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An artificial intelligence tool that can help detect melanoma

Using wide-field images and deep learning, researchers developed an analysis system of suspicious pigmented skin lesions for more effective and efficient skin cancer detection. Image courtesy of the researchers.

CAMBRIDGE, MASS.- Melanoma is a type of malignant tumor responsible for more than 70 percent of all skin cancer-related deaths worldwide. For years, physicians have relied on visual inspection to identify suspicious pigmented lesions (SPLs), which can be an indication of skin cancer. Such early-stage identification of SPLs in primary care settings can improve melanoma prognosis and significantly reduce treatment cost. The challenge is that quickly finding and prioritizing SPLs is difficult, due to the high volume of pigmented lesions that often need to be evaluated for potential biopsies. Now, researchers from MIT and elsewhere have devised a new artificial intelligence pipeline, using deep convolutional neural networks (DCNNs) and applying them to analyzing SPLs through the use of wide-field photography common in most smartphones and personal cameras. DCNNs are neural networks that can be ... More

Almost one in seven suffers long Covid, UK study finds   Fooling coronavirus with new decoy protein renders it impotent   Laser lights the way

A man wearing an FFP2 face mask pushes his suitcase past a sign indicating that wearing FFP2 face masks is compulsory in Vienna, Austria, on April 2, 2021. Helmut Fohringer / APA / AFP.

LONDON (AFP).- Nearly one in seven Britons who tested positive for Covid-19 continued to have symptoms for at least 12 weeks, according to a UK study released Thursday. The Office for National Statistics said the study of over 20,000 people who had tested positive from April last year to March this year found 13.7 percent had symptoms that lasted for at least 12 weeks. This was based on people's self-reported symptoms of so-called "long Covid". The list of 13 symptoms included fatigue, muscle pain and difficulty concentrating as well as loss of taste and smell. Women were more more likely (14.7 percent) to report such long-lasting symptoms than men (12.7 percent). Those aged 35-49 were most likely to report symptoms at five weeks (25.6 percent). The study of UK patients was based on a random sample of 21,622 participants who tested positive from swabs and were asked about their symptoms monthly. A control group who were unlikely to have been infected was also set up. It found they were eight times le ... More

Treatment reduces lung damage and results in mild symptoms in a preclinical study. Image: Pixabay.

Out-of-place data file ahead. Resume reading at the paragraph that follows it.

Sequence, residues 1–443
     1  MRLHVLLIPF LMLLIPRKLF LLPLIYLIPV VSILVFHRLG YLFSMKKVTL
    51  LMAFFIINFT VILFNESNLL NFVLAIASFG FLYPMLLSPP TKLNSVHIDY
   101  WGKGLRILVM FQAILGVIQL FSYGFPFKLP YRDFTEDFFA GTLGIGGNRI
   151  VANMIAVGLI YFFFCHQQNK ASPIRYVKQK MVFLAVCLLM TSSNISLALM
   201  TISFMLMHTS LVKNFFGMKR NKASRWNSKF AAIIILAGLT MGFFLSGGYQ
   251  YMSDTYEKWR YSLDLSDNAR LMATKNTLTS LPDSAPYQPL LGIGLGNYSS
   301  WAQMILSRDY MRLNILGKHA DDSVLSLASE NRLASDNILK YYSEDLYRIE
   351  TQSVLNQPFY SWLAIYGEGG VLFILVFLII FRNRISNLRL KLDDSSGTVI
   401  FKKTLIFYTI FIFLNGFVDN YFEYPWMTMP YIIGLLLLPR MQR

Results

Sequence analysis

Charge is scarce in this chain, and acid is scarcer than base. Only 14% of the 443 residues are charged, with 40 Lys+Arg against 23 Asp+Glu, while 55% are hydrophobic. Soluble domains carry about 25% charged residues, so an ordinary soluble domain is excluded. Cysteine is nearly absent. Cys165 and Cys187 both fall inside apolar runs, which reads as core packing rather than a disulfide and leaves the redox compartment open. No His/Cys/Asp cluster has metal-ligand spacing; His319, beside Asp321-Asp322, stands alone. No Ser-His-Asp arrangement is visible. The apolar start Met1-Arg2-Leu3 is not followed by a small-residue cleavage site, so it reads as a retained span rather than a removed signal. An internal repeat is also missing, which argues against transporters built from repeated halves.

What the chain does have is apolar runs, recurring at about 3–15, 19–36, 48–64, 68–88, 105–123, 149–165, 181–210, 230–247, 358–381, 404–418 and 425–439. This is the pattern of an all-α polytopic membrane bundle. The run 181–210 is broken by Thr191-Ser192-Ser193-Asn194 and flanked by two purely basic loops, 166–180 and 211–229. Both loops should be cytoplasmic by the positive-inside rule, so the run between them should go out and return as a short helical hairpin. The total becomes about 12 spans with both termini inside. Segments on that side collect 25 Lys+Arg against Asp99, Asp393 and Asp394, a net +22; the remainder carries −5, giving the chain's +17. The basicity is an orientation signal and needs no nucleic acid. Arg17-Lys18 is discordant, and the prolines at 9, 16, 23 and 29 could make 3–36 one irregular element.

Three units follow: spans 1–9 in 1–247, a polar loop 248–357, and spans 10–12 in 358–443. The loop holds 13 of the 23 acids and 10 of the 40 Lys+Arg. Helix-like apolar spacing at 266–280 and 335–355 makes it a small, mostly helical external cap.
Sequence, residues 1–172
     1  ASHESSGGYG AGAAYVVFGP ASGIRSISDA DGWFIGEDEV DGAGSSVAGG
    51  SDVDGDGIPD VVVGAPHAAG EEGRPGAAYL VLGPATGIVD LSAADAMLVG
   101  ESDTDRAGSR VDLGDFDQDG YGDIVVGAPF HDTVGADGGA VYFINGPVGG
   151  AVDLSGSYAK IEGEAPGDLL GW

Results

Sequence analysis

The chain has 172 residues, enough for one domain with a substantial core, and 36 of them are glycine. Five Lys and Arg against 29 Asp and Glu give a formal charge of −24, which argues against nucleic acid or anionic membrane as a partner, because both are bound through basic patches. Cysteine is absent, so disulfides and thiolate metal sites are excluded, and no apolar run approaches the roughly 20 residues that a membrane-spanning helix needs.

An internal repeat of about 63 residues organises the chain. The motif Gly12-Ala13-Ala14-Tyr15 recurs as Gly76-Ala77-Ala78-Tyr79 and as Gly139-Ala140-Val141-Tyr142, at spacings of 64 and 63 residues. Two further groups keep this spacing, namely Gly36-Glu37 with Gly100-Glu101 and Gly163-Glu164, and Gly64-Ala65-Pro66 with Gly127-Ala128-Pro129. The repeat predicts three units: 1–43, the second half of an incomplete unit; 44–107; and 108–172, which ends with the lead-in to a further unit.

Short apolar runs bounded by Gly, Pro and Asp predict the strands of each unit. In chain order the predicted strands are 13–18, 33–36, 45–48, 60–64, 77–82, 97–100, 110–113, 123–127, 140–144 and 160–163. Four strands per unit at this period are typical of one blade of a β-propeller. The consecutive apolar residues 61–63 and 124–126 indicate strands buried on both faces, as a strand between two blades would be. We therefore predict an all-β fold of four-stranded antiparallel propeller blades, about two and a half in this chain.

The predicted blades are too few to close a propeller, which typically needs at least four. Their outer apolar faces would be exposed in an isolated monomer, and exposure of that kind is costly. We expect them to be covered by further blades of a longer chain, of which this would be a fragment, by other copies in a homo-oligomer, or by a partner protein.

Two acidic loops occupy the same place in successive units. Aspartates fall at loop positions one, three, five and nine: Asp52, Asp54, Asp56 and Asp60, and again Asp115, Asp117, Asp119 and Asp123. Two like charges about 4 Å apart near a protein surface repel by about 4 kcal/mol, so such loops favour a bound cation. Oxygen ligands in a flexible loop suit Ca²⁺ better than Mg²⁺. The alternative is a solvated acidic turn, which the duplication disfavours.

EVANSTON, IL.- A novel protein designed by Northwestern Medicine scientists significantly reduced lung damage and resulted in only mild symptoms in mice infected with SARS-Cov-2 while untreated animals in this model all succumbed to the infection. “We envision this soluble ACE2 protein will attenuate the entry of coronavirus into cells in the body mainly in the respiratory system and, consequently, the serious symptoms seen in severe COVID 19,” said lead investigator Dr. Daniel Batlle, a professor of medicine at Northwestern University Feinberg School of Medicine and a Northwestern Medicine physician. “We have converted a lethal disease to a milder lung disease that is fully reversible. The protein could be complimentary to other potential treatments or effective alone.” The protein is a variant of ACE2 (angiotensin converting enzyme-2), the receptor the coronavirus uses to enter and infect human cells. The modified prote ... More

The relationship between these measurements is then determined so that hole depth can be calculated based solely on the fluence. Image courtesy: 2021 Sakurai et al.

TOKYO.- Despite the enormous amount of research over the decades into lasers and their applications, there have been few ways to accurately, efficiently, and directly observe fine details of their interactions with materials. For the first time, researchers have found a way to acquire such data from a production laser using low-cost equipment that could vastly improve the accuracy of items cut or etched with lasers. Given the ubiquity of lasers, this could have wide-ranging implications in laboratory, commercial and industrial applications. Lasers are used in an extraordinarily wide range of applications in the modern world. One area in particular that is increasingly important is in manufacture, the reason being the level of precision at which a laser can operate is far greater than that of the equivalent physical tool. However, this level of precision could be even higher in theory, leading to a new generation of yet unimagined technologies. There are some hurdles to overcome, though. One si ... More

High vitamin D levels may protect against COVID-19 for Black people, study suggests   Temperature sensor could help safeguard mRNA vaccines   'Sweat sticker' diagnoses cystic fibrosis on the skin in real time